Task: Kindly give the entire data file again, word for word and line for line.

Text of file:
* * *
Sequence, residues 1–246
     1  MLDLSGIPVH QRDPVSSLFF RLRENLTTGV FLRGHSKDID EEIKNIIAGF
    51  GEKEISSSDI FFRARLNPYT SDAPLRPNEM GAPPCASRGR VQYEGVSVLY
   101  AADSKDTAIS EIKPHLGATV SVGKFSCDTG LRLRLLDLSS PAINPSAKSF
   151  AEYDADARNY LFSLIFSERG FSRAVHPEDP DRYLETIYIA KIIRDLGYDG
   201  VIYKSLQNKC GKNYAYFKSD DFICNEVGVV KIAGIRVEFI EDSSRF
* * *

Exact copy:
Sequence, residues 1–246
     1  MLDLSGIPVH QRDPVSSLFF RLRENLTTGV FLRGHSKDID EEIKNIIAGF
    51  GEKEISSSDI FFRARLNPYT SDAPLRPNEM GAPPCASRGR VQYEGVSVLY
   101  AADSKDTAIS EIKPHLGATV SVGKFSCDTG LRLRLLDLSS PAINPSAKSF
   151  AEYDADARNY LFSLIFSERG FSRAVHPEDP DRYLETIYIA KIIRDLGYDG
   201  VIYKSLQNKC GKNYAYFKSD DFICNEVGVV KIAGIRVEFI EDSSRF